|Aug.7,2018--On a road that runs through Nyemo County, drive more than 10 minutes forward to the west and you will reach Shora Village in Tarrong Township, surrounded by greenery and a bubbling stream. A lush field of plant to the side is particularly dazzling, and it is here that an elderly man is working meticulously in the field with an iron pickaxe.
Nyemo County is located about 150 kilometers away from Lhasa, capital of southwest China's Tibet and is famous for Tibetan paper making.
68-year-old Tsering Dorje is an inheritor of Shora Tibetan paper, a national-level intangible cultural heritage.
"I remember that this way of papermaking has been passed down for three generations at least, and now I pass it along to my sons, who are the fourth generation," Tsering Dorje said, who has been making Tibetan paper for more than 50 years.
Tibetan paper, which is more than 1,300 years old, is said to have originated from papermaking technology brought to Tibet by Princess Wencheng when she came to Tibet. Because the raw material is made of a kind of poisonous local plant, it is not susceptible to insects and does not rot easily.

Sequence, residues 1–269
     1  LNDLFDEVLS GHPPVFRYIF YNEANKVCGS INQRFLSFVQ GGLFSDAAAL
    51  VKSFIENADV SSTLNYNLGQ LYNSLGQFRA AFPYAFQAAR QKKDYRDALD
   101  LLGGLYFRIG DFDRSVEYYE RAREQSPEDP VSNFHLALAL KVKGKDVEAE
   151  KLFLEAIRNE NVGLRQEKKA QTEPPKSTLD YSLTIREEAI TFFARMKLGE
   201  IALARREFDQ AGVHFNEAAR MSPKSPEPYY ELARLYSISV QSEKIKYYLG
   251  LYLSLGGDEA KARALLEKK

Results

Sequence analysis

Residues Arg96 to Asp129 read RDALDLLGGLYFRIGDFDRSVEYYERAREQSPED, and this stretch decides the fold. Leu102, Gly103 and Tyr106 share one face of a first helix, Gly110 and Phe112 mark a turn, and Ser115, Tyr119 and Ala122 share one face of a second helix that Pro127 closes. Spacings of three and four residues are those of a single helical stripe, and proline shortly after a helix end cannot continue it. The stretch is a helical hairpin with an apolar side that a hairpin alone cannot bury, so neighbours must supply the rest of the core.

Making Tibetan paper cannot be mechanized on a large scale, so each piece of paper is handmade.
The fundamental element that determines the quality of the paper is the root of the plant, but the plant is very irritating to human eyes and skin.
Those who come into contact with it for a long period of time will have an allergic reaction of pimples on their face and have symptoms of skin molting.
Although protective measures have been taken during the production process, there are still risks.
In order to save the tradition of making Tibetan paper, Tsering Dorje has been persistent.
In the past, the plant used in Tibetan paper grew wild on mountains, but now, Tsering Dorje is trying to plant it artificially. He believes that the future of Tibetan paper lies in these fields.